It would be a big mistake not to notice invasions of foreign interest groups on the national political scene. The Belarusian market of educational services is actively dominated by providers from neighboring countries. Their lobby groups actively join the game. 

The democratization of higher education is blocked not only by the position of the authorities, but also by the absence of the articulated request for participation in management of higher education from other stakeholders – employers, students, parents, the teaching community. In 2013 there appeared grounds to speak about the window of opportunity opening the prospect of some democratization of the legislative base of higher education.

Two events are able to create the conditions for expansion of public participation in education management: the second attempt of the Ministry of Education of Belarus to enter the European Higher Education Area (EHEA) in 2015 and the task connected with it to reform the Educational Code and the adjacent legislation which in their present form block the European vector of the development of Belarusian higher education. The unwillingness of the Belarusian authorities to recognize that the failure to enter EHEA in 2012 was connected with the conflict of European and Belarusian academic values has been replaced by a careful recognition of the fact that this conflict probably exists and demands some solution.

During 2013 the joint efforts of the European Commission, the Council of Europe, the European Union of Students and the Independent Bologna Committee succeeded in creating a more realistic view of the problems of the internationalization of Belarusian higher education among some of the heads of education. Since the Bologna seminar on May 16, 2013 where, thanks to the European commission, it was possible to begin some sort of a dialogue between civil society and the representatives of the Ministry of Education, the subject of a university autonomy, the decentralization of management and public participation in management of the higher education has been more and more discussed at the official level. The parliamentary hearings that were held on December 4, 2013 concerning the Educational Code showed that the reforming of legislation finds supporters in this direction among some head of state universities and officials.  Besides, suggestion of the Ministry of Labour to reform the national system of qualifications creates prerequisites for a more active inclusion of associations of employers in quality management of higher education.

However the discussed changes fail to go beyond the redistribution of powers among the groups of a ruling class. Management decentralization is treated only as a transfer of the right to decision-making to the level of regional executive committees and district executive committees, and also to the level of heads of educational institutions. 

The events at Hrodna State University showed how the strengthening of influence of regional power threatens the traditional academic values. Such decentralization leads to the abuse of power by local heads and increase the violation of rights of academic staff. But even when it concerns the expansion of autonomy of educational institutions, this independence does not go beyond some expansion of the rights of their heads in financial, staff and academic spheres. It should be recognized that no attempts of expansion of an organizational autonomy of educational institutions are planned in the short term.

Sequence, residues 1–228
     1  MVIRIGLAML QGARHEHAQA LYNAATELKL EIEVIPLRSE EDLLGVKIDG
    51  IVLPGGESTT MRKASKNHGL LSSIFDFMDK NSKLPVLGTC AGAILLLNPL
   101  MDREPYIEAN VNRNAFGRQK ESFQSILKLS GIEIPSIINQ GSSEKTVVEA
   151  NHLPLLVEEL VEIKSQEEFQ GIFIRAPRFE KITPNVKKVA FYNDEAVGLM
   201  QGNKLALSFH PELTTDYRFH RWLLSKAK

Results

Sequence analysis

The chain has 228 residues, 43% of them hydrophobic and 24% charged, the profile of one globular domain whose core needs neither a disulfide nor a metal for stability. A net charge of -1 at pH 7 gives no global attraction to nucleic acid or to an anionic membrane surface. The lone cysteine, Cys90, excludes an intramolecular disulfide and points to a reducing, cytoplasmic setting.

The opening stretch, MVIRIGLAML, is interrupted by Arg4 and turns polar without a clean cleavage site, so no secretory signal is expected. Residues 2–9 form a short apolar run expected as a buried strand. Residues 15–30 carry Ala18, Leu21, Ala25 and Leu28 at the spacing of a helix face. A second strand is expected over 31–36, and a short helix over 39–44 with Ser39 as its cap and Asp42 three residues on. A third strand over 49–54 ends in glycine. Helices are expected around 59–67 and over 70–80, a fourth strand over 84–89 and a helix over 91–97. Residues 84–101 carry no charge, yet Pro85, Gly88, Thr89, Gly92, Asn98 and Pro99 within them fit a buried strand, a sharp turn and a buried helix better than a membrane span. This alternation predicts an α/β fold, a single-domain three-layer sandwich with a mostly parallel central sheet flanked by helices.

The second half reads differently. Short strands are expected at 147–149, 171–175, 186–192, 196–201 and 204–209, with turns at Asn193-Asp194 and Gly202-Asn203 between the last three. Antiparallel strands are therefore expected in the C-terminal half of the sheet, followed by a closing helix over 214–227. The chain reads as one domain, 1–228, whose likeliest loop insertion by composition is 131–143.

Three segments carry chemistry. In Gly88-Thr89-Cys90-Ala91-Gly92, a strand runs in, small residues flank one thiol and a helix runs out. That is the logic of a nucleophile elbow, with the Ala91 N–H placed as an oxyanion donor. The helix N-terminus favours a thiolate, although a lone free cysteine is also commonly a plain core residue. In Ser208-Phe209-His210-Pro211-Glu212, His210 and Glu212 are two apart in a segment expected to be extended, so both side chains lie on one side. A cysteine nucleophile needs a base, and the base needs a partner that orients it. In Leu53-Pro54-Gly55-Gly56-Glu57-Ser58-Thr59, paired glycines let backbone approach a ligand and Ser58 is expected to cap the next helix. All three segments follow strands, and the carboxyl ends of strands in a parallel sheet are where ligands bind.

However, the organizational autonomy is the main problem and obstacle of Belarus in its way to EHEA. As long as the rectors of higher educational institutions are ‘small cogs’ of the authoritarian machine rather than the representatives of the academic community no harmonization with European university values will ever happen.

Especially the discussion about the autonomy of educational institutions does not lead to a decrease in mass academic repressions initiated by representatives of a presidential chain of command at some Belarusian universities. Hrodna State University became the leader among the institutes that violate the rights of teaching staff in 2013 where according to the instructions of the governor not only a number of teachers, but also the rector Evgeny Rovba were dismissed, the reason for the latter was the fact that he hesitated with implementation of the order on dismissals.  The particular feature of dismissals in Hrodna is the lack of an obvious political involvement of the victims. Teachers suffered for the contents of their publications, rather than for political activism. During 2013 the press reported about prosecution of professors in other higher educational institutes: at the Belarusian National Technical University , Brest State University , the Belarusian-Russian University (the case of a professor with a 50-year teaching history).

Last year the rights of pupils and students were widely and systematically violated. In Belarus annually about 80 thousand graduates of technical training college and institutes of higher education become victims of compulsory job placement, tens of thousands are involved in agricultural and construction work during class hours. Besides forced labor, the restriction of the rights to freedom of movement, associations, to participation in management of educational institutions, etc. is widely practiced.


Last year showed that as soon as the myth about the national identity of the Belarusian education with its illusory and false aims failed, the actions of the authorities became more rapid. In many respects it was caused by timid attempts to optimize expenditures and to increase economic efficiency of the educational system. The state cannot fulfill its social obligations any more. Therefore education has to survive at the expense of its own internal resources.

Officials call upon private capital to be admitted in the educational sector, rest their hopes for inflow of foreign students or for dismissal of the teaching staff. They are even ready to decentralize the educational management, which challenges an exclusive role of the presidential administration. But the authorities are not ready for any real democratization and abandoning authoritarian management principles. However now it can effectively use the traditional mechanisms of management. Even recognizing the existence of disproportions and imbalance of the educational system, the authorities are not capable of decisive actions, limiting themselves to shy palliatives and modest experiments which do not change an overall picture of stagnation in the sector.


Vladimir Dounaev